|A trend emerges when comparing the way economic crises of all types over the past century were created. In the past century economic crises have all been the result of financial market booms that occurred in environments of low inflation, low interest rates and rising real GDP
growth. A boom in financial markets can lead to the existence of a bubble characterized by asset prices rising independently from their fundamentals. As these booms progress, inflationary pressure builds up and central banks inevitably tighten policy interest rates.
Booms inevitably lead to a state of over indebtedness, as agents find themselves unable to service their liabilities due to insufficient cash flow. This opens the door for a crisis situation as market participants start to pull back and as they do, they take with them the liquidity
needed to keep financial markets efficient. Economic crises of all types can lead to declining net worth’s, bank failures, bankruptcies and an ensuing recession. The recurrence rate of banking sector problems leading to bank insolvencies and economic crises have increased in recent decades. The study indicated that the sub–prime crisis follow
the same pattern as all other historic economic crises and is, therefore, no different than previous economic crises. There might not be a recurrence of the exact events that have led to the sub–prime crisis, but since all major economic crises over the past century follow the
same pattern the likelihood of history repeating itself is not farfetched.
The overall aim of the study was to identify the causalities of the sub–prime crisis in order to propose policy recommendations on how to avoid a recurrence of such banking crisis in the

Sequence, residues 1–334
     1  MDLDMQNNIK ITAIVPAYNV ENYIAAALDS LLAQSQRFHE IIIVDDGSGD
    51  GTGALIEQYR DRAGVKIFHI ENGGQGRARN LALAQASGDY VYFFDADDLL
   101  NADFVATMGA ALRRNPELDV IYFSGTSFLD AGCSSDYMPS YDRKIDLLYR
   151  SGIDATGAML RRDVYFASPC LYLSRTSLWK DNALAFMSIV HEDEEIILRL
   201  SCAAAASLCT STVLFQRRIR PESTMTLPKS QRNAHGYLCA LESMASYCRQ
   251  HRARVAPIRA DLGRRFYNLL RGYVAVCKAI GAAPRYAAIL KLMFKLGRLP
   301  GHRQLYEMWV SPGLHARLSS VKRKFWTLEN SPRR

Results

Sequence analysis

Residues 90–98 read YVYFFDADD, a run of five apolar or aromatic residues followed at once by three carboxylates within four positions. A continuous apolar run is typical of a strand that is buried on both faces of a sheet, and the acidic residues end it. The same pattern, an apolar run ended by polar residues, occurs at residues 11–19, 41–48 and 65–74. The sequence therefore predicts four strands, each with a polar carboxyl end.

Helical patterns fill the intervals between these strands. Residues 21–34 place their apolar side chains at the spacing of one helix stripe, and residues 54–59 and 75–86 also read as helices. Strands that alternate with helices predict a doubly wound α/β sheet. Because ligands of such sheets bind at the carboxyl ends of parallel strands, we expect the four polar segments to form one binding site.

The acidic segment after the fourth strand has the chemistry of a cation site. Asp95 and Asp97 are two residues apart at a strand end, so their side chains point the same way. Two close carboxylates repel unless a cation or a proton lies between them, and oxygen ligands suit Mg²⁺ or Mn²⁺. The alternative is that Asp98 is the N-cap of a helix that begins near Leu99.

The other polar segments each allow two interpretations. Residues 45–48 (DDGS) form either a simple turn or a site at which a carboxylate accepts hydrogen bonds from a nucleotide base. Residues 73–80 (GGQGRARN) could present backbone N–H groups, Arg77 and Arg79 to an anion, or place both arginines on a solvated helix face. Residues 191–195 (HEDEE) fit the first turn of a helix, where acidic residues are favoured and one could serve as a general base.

future. Future action to avoid the same mistakes made in the sub–prime crisis can only be taken once there is a clear understanding of what actions, taken by which parties, caused the creation of a mortgage bubble. The dissertation consisted of a literature study on the
causalities of the sub–prime crisis and paid specific attention to various parties, policies, processes and events in the United States of America that created the sub–prime crisis. Although various parties played an influential role in creating the sub–prime crisis, the conclusion withdrawn from the study was that the sub–prime crisis was a mortgage bubble
boom, and a crash, created predominantly by the Federal Reserve Bank of America. An expansive monetary policy was implemented by the Federal Reserve Bank of America in reaction to financial turbulence in the aftermath of the dot–com crisis and the September 11
terrorist attack on the World Trade Centre. The expansive monetary policy implemented by the Federal Reserve Bank of America was one of the biggest contributing factors to the subprime
crisis. The sub–prime crisis was the latest economic crisis in a long line of economic
crises, all of which developed during prolonged periods of expansive monetary policy. The study found no evidence supporting any other similarities between the various economic crises experienced over the past century. Therefore, the conclusion withdrawn from the study was that central banks have been fostering conditions for financial market booms
through the implementation of an expansive monetary policy. It is, therefore, vital to the stability of financial markets and the global economy that more care should be taken when controlling inflation through the expansion and contraction of the money supply.